https://doi.org/10.1371/journal.pone.0131507.t003

Measured IC50 values for different substrates were ranging from low micromolar to low millimolar. The wide range of IC50 values can be explained by the fact that we worked with the same concentration of substrates which have a wide range of Km. The experimental setup was selected due to the limitated sensitivity of the malachite assay. Based on the assumption that IMP acts as a competitive inhibitor, we calculate Ki for IMP using the values of IC50 we determined and the Km values we (for ITP, XDP and ADP) or Iyama et al. [14](for IDP and GDP) have determined (Table 3). All determined Ki values lie in the low micromolar range confirming that the model we chose is appropriate and that IMP is effectively acting as a competitive inhibitor towards NUDT16 activity.

Discussion

Here we present the crystal structures of apo- and IMP-bound human NUDT16, a metal-dependent hydrolase of the NUDIX superfamily. The structures reveal that the product (and by analogy the substrate) is accommodated in a conserved rigid binding-site. As many other NUDIX proteins, NUDT16 is a dimer. At the dimer interface, two loops connecting β-strand G to α-helix 2a and β-strand A to β-strand B respectively are projected over the ligand-binding site. This increases the depth of the active site and might improve the way capped RNA molecules approach NUDT16 and help in proper positioning of the nucleotide substrates in the active site. Moreover, the loop located between β-strand A and β-strand B, which also lines the dimer interaction surface, is rich in basic residues, and thus potentially increases the affinity of the NUDT16 towards negatively charged substrates (S2 Fig).

Comparison with the structure of the ortholog X29 in complex with various substrates allowed the identification of critical determinants for substrate specificity. A key aspect for the substrate is the presence of a carbonyl in position 6 (see nucleotide numbering in Fig 4A), in the IMP complex the inosine base making a hydrogen bond with the main chain amide of Phe57. Through comparison of m7GpppA and GTP bound X29, the kinetic profile obtained for NUDT16 assayed against ADP (high kcat and Km values compared to IDP, ITP, XDP and GTP), can be rationalized. A likely explanation for the high Km is an unfavorable interaction with the Phe57 amine leading to the binding of adenine containing nucleotides in an anti conformation in contrast to the syn conformation seen for IMP and GTP. The high affinity of NUDT16 towards the carbonyl in position 6 will lead to low Km and kcat values in a catalytic profile where the rate-limiting step is likely the release of the monophosphate product, similarly as for MutT NUDIX hydrolase [27]. Hence, it is possible that among the NUDIX superfamily of proteins, the ones which contain the conserved motif GFP (S2 Fig), F standing for Phe57, will constitute a subfamily whose enzymatic profile might follow the same dependency as NUDT16 towards the carbonyl group in position 6. A second important determinant is likely to be the presence or the absence of a substituent in position 2 on the purine base. The NUDT16 structures support that a substituent in position 2 would hinder Ser166 to adopt a conformation where it engages in an elaborated network of H-bonds bridging the ribose ring, the base and the protein. An additional factor might be that the substituent in position 2 effects the induced resonance distribution of the purine ring upon binding, which might lead to less optimal polar interactions in the binding site.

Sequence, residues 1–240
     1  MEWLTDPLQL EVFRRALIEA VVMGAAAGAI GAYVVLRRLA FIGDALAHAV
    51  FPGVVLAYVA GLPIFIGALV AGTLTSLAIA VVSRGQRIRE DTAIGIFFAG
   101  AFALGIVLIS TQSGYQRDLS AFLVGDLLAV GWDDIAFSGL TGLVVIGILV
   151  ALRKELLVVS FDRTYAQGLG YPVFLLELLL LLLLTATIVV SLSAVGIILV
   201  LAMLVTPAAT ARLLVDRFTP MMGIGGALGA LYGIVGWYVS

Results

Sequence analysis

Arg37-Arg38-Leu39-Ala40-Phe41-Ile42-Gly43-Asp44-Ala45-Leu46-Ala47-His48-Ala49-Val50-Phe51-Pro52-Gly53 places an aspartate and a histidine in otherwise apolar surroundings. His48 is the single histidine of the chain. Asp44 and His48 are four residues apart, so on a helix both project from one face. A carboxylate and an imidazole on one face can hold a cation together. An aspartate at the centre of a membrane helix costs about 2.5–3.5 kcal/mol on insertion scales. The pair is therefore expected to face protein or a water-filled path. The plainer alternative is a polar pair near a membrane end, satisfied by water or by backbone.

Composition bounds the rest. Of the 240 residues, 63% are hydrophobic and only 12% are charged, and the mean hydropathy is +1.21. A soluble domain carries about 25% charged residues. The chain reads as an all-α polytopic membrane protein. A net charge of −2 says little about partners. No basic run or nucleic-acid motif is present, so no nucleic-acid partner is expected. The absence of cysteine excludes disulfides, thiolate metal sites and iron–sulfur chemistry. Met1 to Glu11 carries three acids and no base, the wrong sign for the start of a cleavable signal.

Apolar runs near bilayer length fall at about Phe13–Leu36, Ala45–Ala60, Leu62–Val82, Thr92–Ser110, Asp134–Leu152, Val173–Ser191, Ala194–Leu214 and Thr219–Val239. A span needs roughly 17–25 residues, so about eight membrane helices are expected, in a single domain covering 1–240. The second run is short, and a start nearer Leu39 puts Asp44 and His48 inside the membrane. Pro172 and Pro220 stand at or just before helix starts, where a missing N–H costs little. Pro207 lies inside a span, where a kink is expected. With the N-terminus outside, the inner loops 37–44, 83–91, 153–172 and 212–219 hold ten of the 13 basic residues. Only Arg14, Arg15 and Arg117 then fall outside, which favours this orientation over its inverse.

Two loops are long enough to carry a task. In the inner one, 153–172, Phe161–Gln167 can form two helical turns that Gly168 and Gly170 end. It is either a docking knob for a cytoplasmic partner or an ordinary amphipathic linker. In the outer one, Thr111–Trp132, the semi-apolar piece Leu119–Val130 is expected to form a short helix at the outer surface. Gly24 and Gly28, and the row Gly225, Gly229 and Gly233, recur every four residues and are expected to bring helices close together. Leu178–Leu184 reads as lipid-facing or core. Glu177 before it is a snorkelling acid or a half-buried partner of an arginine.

Using the enzyme activity assay and binding studies with ITC, we provide data supporting that NUDT16 activity is highly regulated by IMP. The data is consistent with that the inhibition is competitive and that the binding constant is in the low micro-molar range. Due to its central role in the de novo synthesis of purine nucleotides, IMP concentration well into the micromolar range can be reached. There are significant variations in cell and tissue types, and in mouse for example IMP is hardly detectable in erythrocytes, readily detectable in liver, while muscle contains almost the same amount of IMP as ATP [28]. We therefore propose that the IMP inhibition of NUDT16 might provide a mean to regulate NUDT16 in vivo and to provide enhanced selectivity for IDP as a substrate. In the proposed regulatory mechanism, substrate specificity based on the affinity for the substrate (Km) is complemented by the IC50 of IMP for this substrate. In this scenario, inhibition mediated by mM levels of IMP would further attenuate NUDT16 activity towards non-hazardous substrates such as ADP and to a lesser extent GDP, while (d)IDP would be efficiently transformed to IMP. Thus, NUDT16 would scavenge deleterious (d)IDP without exhibiting a basal activity which will cause an imbalance of the nucleotide pool.

In summary, this structural and biochemical study has defined the critical determinants of substrate selectivity of NUDT16 for its NDP substrates (NDP: nucleoside diphosphate). Mechanistically, NUDT16 seems to be similar to MutT where the rate of the reaction is determined by the release of the monophosphate product, this product being also involved in the inhibition of the activity of the enzyme [27]. Such product inhibition potentially adds further IDP selectivity to NUDT16 and gives further support to the notion that this bi-functional protein might also play an important role in the scavenging of toxic inosine nucleosides in the cell.